Step 2. Take the prescribed antibiotics
If you have been prescribed antibiotics to treat an infection, take them as directed by your doctor. It is very important to continue treatment until the prescribed course is complete, even if you think the infection has already passed.
Step 3. Pay attention to what you eat
Your tongue will be very sensitive after injury, so certain foods can make unpleasant symptoms worse. If you notice that you have a reaction to certain foods in the form of pain, then exclude them from your diet for a while.
- Avoid hot or cold food if the tongue is numb after anesthesia.
- Eliminate solid foods or those that need to be chewed from your diet.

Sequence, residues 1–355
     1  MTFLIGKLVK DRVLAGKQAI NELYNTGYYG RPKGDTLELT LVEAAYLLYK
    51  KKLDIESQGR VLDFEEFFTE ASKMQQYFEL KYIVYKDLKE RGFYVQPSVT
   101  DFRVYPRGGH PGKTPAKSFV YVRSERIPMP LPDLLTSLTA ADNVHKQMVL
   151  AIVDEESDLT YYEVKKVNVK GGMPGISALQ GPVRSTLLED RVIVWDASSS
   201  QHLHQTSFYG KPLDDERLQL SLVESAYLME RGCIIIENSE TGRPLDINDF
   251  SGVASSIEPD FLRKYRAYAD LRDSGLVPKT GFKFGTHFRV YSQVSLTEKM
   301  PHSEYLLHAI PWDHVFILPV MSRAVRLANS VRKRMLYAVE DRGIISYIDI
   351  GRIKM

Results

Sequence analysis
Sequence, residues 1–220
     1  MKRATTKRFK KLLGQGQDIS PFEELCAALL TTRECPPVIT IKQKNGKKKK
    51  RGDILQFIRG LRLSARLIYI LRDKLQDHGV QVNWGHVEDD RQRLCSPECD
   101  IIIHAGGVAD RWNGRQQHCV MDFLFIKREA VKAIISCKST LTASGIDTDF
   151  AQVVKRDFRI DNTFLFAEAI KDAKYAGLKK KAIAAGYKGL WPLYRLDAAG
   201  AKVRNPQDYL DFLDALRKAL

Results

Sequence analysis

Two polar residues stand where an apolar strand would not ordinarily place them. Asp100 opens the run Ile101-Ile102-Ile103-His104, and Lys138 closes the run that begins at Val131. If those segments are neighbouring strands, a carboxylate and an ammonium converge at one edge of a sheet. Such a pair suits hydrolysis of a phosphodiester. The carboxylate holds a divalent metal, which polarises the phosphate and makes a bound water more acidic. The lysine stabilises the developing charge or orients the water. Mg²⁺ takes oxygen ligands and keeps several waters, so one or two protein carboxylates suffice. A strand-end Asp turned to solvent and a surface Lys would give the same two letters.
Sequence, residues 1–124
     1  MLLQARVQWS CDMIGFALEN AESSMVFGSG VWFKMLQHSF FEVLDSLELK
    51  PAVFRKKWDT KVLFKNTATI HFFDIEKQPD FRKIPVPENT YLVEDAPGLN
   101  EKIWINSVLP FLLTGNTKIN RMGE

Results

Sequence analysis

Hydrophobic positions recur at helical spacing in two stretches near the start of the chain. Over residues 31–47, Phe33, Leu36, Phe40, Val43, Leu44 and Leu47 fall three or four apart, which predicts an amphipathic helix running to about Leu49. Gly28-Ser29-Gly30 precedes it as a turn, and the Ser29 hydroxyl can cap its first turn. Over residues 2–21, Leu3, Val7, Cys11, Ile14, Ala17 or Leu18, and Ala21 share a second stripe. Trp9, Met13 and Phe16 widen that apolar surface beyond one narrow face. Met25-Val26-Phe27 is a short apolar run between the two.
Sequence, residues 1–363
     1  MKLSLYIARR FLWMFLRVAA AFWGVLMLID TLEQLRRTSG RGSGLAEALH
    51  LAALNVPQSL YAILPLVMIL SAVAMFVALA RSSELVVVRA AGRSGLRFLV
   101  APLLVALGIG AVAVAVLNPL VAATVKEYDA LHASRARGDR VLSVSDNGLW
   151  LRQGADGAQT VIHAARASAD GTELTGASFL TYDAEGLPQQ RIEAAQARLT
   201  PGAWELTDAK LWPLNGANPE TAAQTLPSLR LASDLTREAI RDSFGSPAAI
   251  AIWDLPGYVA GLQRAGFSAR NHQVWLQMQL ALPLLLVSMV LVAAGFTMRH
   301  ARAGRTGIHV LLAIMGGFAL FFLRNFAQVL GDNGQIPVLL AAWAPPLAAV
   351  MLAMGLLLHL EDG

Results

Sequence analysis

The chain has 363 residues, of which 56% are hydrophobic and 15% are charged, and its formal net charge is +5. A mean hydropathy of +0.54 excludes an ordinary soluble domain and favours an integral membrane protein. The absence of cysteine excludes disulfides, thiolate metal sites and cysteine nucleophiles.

- Your doctor will give you the advice you need regarding your diet.
Step 4. Do not touch the seams on the tongue
Although you may experience severe discomfort, do not pull or try to remove the stitches. This can weaken them or even cause them to fall out.
Step 5. Monitor the condition of the injury
Pay attention to improvements. Watch out for the wound and the stitches that have been placed on it. Be sure to see your doctor if you notice the following:
- The stitches are loose or fell out.
- Bleeding that continues or recurs even after you put pressure on the wound.
- Swelling or pain
- Breathing problems.
- Eat only soft foods while the wound heals.
- Watch for signs of wound infection or other problems with wound healing.